Automatic irrigation systems are extremely useful labor-saving devices. Every county department should be using Weather-Based Irrigation Controllers (WBICs). If non-WBICs are used for some reason, the settings must be frequently monitored throughout the year, especially during periods with wide fluctuations in weather. As the weather warms up in the late spring and early summer, the irrigation timing can be increased slowly with the understanding that a week of “low clouds and fog” will almost certainly require a reduction in timing or overwatering and accompanying runoff could occur. Facility managers and other responsible persons should be constantly alert for broken sprinklers and patrol the irrigated areas on an established schedule looking for signs of over or under watering.
Ground Water Protection
Using aerial imagery and data obtained from the California Department of Pesticide Regulation, ACWM relies on detailed maps and the California Pesticide Information Portal (CalPIP) – PRESCRIBE and GWPA, to show the exact location of every one of the designated Groundwater Protection Areas (GWPA) within Los Angeles County and if any endangered species might occupy that habitat.
Protection/Conservation of Pollinators
Many plant species depend on animals (domestic honey bees, native wild bees, butterflies, moths, wasps, beetles, birds and even bats in some areas) for pollination. In recent decades, several pollinating animals have suffered a decline for a variety of reasons including loss of habitat, pesticide misuse, diseases, parasites, and introduced invasive plant and animal species. The decline in population of pollinators may pose a serious threat to biodiversity, global food sources and to human welfare.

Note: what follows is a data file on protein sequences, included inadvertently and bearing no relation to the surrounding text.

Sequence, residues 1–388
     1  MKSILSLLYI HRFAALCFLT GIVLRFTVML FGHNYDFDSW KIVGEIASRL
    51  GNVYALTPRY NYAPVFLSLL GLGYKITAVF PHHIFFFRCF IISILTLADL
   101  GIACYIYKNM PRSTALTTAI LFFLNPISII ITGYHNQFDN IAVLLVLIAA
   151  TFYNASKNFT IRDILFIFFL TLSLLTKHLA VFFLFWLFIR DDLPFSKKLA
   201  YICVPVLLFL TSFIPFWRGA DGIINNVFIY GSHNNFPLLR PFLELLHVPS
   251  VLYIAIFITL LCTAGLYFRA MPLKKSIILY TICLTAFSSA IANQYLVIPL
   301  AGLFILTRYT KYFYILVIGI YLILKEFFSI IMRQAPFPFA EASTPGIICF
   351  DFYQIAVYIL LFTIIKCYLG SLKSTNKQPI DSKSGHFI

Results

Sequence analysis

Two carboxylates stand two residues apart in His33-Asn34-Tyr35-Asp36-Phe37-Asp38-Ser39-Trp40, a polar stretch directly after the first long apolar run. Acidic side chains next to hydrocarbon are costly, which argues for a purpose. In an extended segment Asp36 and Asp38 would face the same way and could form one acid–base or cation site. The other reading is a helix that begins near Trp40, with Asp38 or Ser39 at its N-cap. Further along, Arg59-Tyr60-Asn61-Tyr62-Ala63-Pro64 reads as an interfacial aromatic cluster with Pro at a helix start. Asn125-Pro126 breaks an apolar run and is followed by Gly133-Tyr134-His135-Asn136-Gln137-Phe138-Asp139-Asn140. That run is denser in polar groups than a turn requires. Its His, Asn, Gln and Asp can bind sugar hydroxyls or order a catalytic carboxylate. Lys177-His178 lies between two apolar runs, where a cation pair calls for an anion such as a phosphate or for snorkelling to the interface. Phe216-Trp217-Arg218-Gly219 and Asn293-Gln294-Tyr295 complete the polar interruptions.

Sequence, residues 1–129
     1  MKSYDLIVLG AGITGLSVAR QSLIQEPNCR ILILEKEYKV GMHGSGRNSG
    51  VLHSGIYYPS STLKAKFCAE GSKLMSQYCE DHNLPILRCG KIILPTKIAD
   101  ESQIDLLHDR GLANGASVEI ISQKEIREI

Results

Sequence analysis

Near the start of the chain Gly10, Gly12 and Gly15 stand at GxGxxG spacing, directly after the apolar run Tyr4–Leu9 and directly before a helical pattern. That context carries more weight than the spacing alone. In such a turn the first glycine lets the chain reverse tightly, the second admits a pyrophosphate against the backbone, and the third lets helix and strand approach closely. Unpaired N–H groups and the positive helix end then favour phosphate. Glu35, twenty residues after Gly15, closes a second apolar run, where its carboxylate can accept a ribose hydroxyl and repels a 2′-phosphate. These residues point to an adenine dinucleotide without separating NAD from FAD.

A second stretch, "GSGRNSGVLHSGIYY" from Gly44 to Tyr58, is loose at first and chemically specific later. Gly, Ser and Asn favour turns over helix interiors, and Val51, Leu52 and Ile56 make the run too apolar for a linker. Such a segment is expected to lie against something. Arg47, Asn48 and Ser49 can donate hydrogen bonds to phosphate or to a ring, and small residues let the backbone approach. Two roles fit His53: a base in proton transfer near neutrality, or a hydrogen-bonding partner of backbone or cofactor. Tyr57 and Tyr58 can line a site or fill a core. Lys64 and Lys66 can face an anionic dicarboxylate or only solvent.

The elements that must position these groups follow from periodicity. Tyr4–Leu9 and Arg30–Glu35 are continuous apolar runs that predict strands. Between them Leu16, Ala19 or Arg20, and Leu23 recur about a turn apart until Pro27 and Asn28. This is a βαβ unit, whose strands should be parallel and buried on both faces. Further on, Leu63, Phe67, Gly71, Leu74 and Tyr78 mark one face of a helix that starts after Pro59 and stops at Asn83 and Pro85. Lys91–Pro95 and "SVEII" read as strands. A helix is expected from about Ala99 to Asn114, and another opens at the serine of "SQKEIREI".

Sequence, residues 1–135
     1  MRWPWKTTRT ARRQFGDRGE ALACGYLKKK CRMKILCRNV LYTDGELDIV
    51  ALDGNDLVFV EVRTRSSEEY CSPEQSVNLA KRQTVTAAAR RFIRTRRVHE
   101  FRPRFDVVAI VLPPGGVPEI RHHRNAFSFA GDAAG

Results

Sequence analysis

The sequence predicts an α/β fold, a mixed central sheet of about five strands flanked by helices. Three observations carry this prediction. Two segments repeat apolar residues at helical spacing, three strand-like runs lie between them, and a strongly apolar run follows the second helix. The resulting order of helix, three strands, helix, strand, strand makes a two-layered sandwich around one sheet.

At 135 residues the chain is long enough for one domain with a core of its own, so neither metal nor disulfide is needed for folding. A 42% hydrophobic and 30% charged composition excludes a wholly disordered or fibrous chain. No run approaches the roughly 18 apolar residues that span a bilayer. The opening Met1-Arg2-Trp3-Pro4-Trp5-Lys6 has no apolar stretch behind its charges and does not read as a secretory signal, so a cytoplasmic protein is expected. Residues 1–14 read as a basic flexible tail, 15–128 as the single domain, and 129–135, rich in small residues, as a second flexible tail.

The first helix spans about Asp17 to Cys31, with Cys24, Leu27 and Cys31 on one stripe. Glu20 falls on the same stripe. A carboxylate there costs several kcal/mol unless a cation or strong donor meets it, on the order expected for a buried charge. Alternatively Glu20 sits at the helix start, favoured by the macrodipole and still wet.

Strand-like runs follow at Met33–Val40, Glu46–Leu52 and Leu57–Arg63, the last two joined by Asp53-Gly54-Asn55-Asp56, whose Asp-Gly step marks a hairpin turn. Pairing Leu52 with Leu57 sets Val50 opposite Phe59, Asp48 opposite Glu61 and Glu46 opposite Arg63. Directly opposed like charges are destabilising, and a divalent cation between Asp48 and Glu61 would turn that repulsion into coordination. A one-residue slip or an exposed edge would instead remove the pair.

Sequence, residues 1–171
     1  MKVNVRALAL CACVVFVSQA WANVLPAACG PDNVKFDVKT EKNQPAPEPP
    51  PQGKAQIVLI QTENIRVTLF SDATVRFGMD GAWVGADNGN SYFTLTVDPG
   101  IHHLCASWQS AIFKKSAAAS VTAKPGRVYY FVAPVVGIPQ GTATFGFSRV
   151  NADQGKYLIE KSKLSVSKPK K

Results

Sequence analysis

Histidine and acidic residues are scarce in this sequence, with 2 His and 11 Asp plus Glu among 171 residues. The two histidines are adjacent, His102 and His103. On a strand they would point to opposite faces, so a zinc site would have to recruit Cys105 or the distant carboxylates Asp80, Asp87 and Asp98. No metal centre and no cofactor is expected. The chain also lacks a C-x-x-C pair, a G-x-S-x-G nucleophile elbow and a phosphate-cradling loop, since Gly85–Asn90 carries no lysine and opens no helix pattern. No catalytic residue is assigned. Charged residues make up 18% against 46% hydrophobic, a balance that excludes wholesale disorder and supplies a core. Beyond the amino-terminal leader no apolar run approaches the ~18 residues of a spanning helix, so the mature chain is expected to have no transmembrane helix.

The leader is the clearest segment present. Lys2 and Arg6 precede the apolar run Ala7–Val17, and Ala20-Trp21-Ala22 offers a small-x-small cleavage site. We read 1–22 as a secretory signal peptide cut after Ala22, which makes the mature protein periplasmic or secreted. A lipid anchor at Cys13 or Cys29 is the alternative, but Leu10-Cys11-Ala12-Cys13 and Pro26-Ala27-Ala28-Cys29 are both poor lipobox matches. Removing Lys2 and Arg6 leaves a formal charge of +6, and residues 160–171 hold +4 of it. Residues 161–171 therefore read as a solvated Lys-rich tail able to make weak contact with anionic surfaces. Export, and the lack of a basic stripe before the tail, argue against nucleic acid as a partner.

Most pesticides are not toxic to bees and other important insect pollinators, but many insecticides are. Bees can be killed directly as they are out foraging or they can return to the hive carrying with them insecticide-contaminated pollen which can contribute to chronic health effects in the colony. Following the principles outlined below will help reduce the impact of insecticides to Los Angeles County’s important insect pollinators:
- Before applying any pesticide, follow the Pre-application Checklist discussed in Section 8 which will help avoid unnecessary and ineffective pesticide use
- Read and carefully follow all environmental protection safety precautions on the pesticide label
- Watch for new EPA regulations that require some pesticide labels to have a PROTECTION OF POLLINATORS statement (Bee Advisory Box)
- Do not apply insecticides on or near plants when they are in bloom and bees are foraging
- Delay applying a systemic insecticide until after plants have flowered
The following are some ways bees and other insect pollinators can be helped or augmented:
- Cultivating plants that provide foraging habitat for collecting nectar and pollen
- Consider bees and other insect pollinators when designing landscaping by ensuring several bee-supporting plants will be in bloom throughout the year
- Convert turf areas into flowerbeds
- Controlling soil erosion will help protect native wild bees many of which nest in the ground
 California Code of Regulations, Division 6, Title 3, Chapter 4, Subchapter 1, Article 1, section 6800(a)
Featured photo credit: Edmund Williams